[cabfpub] Request for details on CRL Sets

Rick Andrews Rick_Andrews at symantec.com
Mon Aug 19 19:12:11 UTC 2013

> I hope you find that these questions have already been answered at
> https://www.imperialviolet.org/2012/02/05/crlsets.html

Ryan, I had already looked at that page, and not only does it *not* answer my questions, I don't know if it's official Google documentation. AFAIK, this is Adam's personal blog. And it says, for example, "we're currently planning on disabling online revocation checks in a future version of Chrome". Also, there is no detail at all on reason code filtering.

I don't think it's unreasonable to ask for official Google documentation that is served from a google.com web page and includes detail like when a certain feature was introduced, exactly how the feature works, and when any changes are made to the feature.

> You failed to include Microsoft or Apple in your request - both of
> which have mechanisms for leveraging software update channels to
> actively distrust certificates. Was this an intentional omission, or
> simply an oversight due to misunderstanding the purpose of these
> mechanisms?

It was intentional, because as I said, only Google and Mozilla have said that they do or will use CRL sets or something like it.

I may follow-up with requests to the other browsers for details on their blacklist mechanisms, but I thought I would start small. I didn't expect pushback!

> Detailed specs are beneficial for interoperable implementations.
> However, as spelled out in the aforementioned post, this is a solution
> that is very much tied to the Google Chrome update mechanism. In the
> same way that it's not necessary for Mozilla to publish detailed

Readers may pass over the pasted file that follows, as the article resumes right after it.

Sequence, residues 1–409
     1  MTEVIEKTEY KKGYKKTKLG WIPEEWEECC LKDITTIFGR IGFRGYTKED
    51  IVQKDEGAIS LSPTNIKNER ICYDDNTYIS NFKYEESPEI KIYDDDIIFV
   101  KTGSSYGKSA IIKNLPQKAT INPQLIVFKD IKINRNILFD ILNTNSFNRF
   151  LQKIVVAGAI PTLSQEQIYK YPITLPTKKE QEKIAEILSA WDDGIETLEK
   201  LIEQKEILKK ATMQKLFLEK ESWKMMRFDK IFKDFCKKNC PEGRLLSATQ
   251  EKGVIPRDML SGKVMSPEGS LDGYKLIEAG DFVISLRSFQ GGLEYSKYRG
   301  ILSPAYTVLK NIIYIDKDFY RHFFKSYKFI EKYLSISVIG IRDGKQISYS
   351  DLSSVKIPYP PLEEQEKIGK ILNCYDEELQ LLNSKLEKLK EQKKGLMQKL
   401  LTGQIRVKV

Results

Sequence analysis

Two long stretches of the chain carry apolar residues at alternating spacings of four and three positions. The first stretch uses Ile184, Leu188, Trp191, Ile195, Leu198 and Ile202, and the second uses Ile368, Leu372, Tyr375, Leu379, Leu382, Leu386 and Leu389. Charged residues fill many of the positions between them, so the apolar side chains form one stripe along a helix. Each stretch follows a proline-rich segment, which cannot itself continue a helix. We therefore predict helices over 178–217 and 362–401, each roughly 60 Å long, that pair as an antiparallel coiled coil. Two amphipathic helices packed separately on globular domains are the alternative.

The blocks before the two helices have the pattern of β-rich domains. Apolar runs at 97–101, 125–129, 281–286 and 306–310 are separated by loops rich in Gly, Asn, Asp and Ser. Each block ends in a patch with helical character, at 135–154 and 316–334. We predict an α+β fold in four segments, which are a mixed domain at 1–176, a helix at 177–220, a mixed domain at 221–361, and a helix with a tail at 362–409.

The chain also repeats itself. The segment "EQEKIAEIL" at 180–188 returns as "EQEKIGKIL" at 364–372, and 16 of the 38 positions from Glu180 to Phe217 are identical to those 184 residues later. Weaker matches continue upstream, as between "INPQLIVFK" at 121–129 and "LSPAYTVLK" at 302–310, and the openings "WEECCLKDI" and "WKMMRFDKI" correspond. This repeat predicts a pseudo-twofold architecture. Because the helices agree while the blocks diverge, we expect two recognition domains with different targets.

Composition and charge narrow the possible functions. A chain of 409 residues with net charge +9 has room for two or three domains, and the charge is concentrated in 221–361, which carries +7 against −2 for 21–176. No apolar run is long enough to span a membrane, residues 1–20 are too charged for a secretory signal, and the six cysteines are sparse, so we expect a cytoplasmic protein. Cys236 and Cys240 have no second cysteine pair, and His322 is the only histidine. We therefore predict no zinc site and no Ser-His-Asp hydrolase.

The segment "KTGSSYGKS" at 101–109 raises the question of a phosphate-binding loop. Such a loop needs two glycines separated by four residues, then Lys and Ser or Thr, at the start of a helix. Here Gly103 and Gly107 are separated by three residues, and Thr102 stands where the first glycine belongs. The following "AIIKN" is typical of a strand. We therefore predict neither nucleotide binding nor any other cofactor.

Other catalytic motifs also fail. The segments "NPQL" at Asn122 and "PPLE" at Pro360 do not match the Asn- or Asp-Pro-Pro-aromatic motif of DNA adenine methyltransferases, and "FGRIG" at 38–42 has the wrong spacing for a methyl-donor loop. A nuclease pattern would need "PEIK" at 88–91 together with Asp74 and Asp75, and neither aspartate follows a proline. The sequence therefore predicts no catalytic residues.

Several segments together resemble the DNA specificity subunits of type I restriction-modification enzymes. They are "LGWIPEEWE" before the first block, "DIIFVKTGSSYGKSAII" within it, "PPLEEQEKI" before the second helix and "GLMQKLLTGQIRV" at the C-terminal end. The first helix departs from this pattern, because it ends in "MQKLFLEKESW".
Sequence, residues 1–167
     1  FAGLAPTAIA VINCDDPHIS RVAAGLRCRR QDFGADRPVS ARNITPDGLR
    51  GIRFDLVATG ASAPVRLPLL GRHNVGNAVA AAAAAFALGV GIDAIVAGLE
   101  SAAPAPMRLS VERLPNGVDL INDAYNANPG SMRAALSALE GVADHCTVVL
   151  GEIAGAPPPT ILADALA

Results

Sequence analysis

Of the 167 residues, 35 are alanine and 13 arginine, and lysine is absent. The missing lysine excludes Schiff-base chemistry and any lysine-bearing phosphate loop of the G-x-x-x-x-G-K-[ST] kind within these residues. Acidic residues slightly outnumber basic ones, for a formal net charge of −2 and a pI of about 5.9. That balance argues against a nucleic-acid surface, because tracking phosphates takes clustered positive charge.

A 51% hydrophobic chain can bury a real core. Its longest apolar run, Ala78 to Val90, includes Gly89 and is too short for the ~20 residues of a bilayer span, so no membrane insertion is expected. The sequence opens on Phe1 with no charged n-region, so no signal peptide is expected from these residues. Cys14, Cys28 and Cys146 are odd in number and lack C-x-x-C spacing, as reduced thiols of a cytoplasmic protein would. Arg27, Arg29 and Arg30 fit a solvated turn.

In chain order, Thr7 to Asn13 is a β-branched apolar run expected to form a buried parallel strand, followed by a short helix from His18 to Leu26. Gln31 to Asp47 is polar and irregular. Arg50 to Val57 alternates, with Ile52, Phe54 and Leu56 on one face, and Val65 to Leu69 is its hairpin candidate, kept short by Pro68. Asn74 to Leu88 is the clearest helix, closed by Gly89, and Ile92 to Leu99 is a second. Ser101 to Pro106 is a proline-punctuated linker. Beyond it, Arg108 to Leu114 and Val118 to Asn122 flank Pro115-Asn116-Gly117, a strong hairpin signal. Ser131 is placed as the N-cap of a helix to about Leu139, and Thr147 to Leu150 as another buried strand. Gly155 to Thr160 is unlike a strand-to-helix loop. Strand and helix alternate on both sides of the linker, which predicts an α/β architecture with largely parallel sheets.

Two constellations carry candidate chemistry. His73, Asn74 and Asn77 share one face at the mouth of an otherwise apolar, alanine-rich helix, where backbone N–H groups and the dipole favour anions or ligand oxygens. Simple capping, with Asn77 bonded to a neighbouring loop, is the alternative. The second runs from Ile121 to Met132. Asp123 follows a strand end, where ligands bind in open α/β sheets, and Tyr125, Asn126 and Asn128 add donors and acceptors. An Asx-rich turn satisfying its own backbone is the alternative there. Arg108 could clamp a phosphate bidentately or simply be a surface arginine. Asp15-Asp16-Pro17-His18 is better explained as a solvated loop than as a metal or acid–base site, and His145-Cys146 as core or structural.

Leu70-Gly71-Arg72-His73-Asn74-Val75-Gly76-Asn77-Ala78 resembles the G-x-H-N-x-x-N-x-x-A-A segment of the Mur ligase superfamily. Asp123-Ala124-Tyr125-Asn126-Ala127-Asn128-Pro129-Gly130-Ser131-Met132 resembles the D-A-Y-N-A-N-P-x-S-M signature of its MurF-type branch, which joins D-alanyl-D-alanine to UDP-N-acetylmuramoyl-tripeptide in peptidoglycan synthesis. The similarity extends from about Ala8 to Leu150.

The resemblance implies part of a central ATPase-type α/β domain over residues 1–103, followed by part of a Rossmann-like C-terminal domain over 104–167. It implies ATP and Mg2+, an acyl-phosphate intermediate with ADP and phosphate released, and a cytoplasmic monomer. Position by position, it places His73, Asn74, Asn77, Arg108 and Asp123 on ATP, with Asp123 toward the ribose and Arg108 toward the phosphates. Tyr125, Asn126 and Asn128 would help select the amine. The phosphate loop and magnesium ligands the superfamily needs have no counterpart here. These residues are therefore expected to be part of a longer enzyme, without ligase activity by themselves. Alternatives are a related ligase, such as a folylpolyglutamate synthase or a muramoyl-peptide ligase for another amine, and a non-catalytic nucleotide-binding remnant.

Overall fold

> specifications of their extension or software update mechanisms, or
> for Microsoft to publish detailed specifications for their certificate
> distrust mechanism or Windows Update mechanisms, I'm not sure there is
> particular value in publishing detailed specifications here either.

I can't disagree more. Note that I'm not asking for details of Chrome's update mechanism. I would like details on how Google collects the data from our CRLs that Google pushes out via the update mechanism. 

> We remain committed to working with the CA community to see that the
> methods employed by Chrome are understood, much in the same way that
> Mozilla, Microsoft, and other vendors have worked to do, but a
> detailed spec does not necessarily help meet this goal.

It may or it may not, but I can't tell if it helps or not until you've published it.

> Luckily, both Chrome and Firefox are built from open source, and thus
> the implementation details you seek are readily available via source -
> much the same as all other behaviours related to the treatment of PKIX
> certificates, independent of CRLSets. As with all aspects of Chromium,
> we always welcome bug reports and patches.

Again, I disagree. Only a fraction of the PKI community has enough know-how to dive into code and figure out how it works. It's possible, but it's very expensive and potentially misleading. If I may make an analogy, it feels to me like the IRS telling me to read the tax code to figure out how much I owe. 
> It is important to remember that CRLSets are, strictly speaking, an
> improvement over soft-fail validation, as an attacker can always block
> such soft revocation failures. As such, in the presence of an active
> attacker, soft-fail provides very limited benefits. In this manner,
> CRLSets offer a security advantage to end-users, without the
> performance penalties inherent in soft-fail.
> CRLSets provide a means for actively distrusting intermediates in a
> rapid response situation, and, as a secondary benefit, provide a means
> for pre-loading revocation information for end-entity certificates
> that may represent security threats. Even without end-entity
> information, I believe we're in agreement of the unquestionable
> positive benefits here of rapid response for intermediate certificates
> - and the hopefully infrequent need to deal with such revocation.

I agree with you here, but that doesn't change my request: I'd like to know exactly how it works. I think it's a reasonable request.


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